The psychosocial impact of ED can, and often is, neglected after RP as the functional and physical variables invariably take precedence. The psychosocial impact on the patient is significant; a third of the present men felt that other people are ‘quite a lot’ or ‘a great deal’ happier because they are sexually fulfilled, and 38% felt ‘quite a lot’ or ‘a great deal’ less desirable as a result of their erectile difficulties. Indeed, even after a median of 92 months from RP the psychosocial effects of ED on QoL remain profound, i.e. 71% of men continue to feel ‘a little’ or ‘somewhat’ hurt by their partner's response to their erectile difficulties, and 73% of men feel to some extent a failure because of their ED.

In the second questionnaire 9% reported not being informed about the risk of ED; given the median of 92 months from RP, there may be an element of recall bias associated with this result. Despite this, it is vital that all patients undergoing RP are counselled particularly about the possibility of ED. To ensure that this is so all patients undergoing RP at our institution are now provided with written information leaflets and are counselled before RP by a specialist uro-oncology nurse.

The higher than average impotence rate of 76% after RP can be explained as 98% of the men did not have a nerve-sparing RP, as was the usual practice within our institution during the early 1990s. With the adoption of a bilateral nerve-sparing approach, in a later series at our institution, the impotency rate was much lower (33%).

The results of the present study have implications for current practice; the large effect of ED on QoL even many years after surgery shows the importance of careful counselling before and after RP, and suggests that ED should be formally assessed using a measure such as the ED-EQoL, to identify those patients affected by ED, thus enabling the clinician to target treatment and provide counselling when necessary.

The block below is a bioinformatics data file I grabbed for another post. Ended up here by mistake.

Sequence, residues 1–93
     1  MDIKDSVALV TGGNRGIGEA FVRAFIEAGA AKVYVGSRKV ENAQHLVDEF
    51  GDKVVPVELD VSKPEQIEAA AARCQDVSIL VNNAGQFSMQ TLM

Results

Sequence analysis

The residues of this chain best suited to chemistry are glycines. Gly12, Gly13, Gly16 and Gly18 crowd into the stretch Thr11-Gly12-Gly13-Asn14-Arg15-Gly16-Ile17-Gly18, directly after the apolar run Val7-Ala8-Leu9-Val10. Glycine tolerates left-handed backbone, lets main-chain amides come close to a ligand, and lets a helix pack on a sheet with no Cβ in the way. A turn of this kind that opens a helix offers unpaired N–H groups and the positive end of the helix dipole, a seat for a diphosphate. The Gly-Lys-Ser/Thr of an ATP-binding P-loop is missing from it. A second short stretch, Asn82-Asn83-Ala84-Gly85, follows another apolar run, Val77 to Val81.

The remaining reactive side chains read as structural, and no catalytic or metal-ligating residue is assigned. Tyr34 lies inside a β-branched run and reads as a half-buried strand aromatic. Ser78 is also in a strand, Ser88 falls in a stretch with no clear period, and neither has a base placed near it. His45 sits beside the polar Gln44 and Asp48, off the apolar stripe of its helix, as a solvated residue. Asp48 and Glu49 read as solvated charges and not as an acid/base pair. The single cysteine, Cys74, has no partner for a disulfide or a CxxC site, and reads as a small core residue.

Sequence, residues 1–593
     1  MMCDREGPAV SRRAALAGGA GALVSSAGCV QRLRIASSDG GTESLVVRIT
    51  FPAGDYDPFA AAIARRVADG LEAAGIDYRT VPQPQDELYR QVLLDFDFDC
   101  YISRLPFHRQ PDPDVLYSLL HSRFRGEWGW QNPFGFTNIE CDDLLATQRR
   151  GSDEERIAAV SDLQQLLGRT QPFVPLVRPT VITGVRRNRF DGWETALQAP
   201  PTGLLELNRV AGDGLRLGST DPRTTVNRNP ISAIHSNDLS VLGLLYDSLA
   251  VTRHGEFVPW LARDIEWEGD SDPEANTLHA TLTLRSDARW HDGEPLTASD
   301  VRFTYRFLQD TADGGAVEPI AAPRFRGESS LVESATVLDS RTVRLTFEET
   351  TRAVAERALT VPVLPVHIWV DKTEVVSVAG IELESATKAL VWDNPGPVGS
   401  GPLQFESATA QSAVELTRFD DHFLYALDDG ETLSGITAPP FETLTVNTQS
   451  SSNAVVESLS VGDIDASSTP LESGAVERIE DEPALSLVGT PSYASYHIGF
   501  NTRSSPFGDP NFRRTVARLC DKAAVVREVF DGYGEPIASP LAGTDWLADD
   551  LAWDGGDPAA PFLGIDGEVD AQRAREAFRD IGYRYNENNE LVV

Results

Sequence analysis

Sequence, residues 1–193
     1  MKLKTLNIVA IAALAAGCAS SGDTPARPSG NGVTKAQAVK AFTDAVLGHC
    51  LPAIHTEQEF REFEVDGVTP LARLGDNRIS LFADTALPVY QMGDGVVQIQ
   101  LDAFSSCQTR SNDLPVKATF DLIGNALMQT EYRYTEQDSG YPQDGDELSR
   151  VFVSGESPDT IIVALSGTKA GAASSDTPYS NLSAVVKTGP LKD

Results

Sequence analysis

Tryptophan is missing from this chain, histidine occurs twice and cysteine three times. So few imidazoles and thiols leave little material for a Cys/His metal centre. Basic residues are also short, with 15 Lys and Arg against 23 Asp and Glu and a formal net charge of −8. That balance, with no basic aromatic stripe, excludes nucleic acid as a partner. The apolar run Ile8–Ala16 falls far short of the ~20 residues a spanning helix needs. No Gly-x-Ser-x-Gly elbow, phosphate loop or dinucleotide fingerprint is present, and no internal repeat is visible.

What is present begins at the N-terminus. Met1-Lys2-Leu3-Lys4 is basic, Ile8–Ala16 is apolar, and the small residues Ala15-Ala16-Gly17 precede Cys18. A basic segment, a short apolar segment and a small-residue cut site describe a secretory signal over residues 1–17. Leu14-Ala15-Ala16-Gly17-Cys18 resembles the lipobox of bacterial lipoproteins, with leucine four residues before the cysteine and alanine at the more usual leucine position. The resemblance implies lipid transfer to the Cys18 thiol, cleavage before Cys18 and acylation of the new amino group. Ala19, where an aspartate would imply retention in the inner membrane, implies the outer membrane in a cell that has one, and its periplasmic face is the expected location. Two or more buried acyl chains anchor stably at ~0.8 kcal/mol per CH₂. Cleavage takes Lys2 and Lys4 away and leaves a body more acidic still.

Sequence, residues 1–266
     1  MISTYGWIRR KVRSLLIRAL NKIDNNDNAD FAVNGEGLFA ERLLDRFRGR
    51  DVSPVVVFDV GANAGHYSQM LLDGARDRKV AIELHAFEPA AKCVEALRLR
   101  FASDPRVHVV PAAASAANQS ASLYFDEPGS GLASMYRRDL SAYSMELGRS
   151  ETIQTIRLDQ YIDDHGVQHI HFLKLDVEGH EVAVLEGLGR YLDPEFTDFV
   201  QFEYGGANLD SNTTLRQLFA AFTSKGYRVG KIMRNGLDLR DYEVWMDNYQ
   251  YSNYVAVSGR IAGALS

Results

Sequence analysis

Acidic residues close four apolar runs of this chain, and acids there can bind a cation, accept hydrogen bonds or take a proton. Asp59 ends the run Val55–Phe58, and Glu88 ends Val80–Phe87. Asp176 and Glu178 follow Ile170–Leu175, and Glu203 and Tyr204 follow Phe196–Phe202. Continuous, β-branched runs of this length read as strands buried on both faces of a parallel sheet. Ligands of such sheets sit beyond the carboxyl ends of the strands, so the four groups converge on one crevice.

In conclusion, there is a significant and sustained effect of ED on QoL after RP; to document this effect and to identify those patients suitable for appropriate therapy and counselling, we suggest that both psychosocial and functional aspects of ED should be routinely assessed before and after RP using measures such as the International Index of Erectile Function and the ED-EQoL.

Appendix

APPENDIX 1

The ED-EQoL

Please tick appropriate box:

[Not at all/A little/Somewhat/Quite a lot/A great deal]

  • 1As a result of your erectile dysfunction, do you blame yourself for being unable to satisfy your partner?
  • 2Does your inability to produce an erection with your partner make you feel guilty?
  • 3Do you feel less desirable as a result of your erectile difficulties?
  • 4Do you feel hurt by your partner's response to your erectile difficulties?
  • 5Does the fact that you are unable to produce an erection make you feel less of a man?
  • 6Do you feel angry or bitter that you cannot produce an erection?
  • 7Do you feel a failure because of your erectile difficulties?
  • 8Does your partner feel let down by your inability to produce an erection?
  • 9Are you worried that your erectile problems have affected the closeness between you and your partner?
  • 10Does your erectile problem make you worry about how your life will develop in the future?
  • 11Is your sense of identity altered by your lack of erectile function?
  • 12Are you preoccupied by your erection problems?
  • 13Do you feel sad or tearful as a result of your erectile difficulties?
  • 14Do you feel that other people are happier than you because they are sexually fulfilled?
  • 15Is your self-esteem damaged by your erectile problems?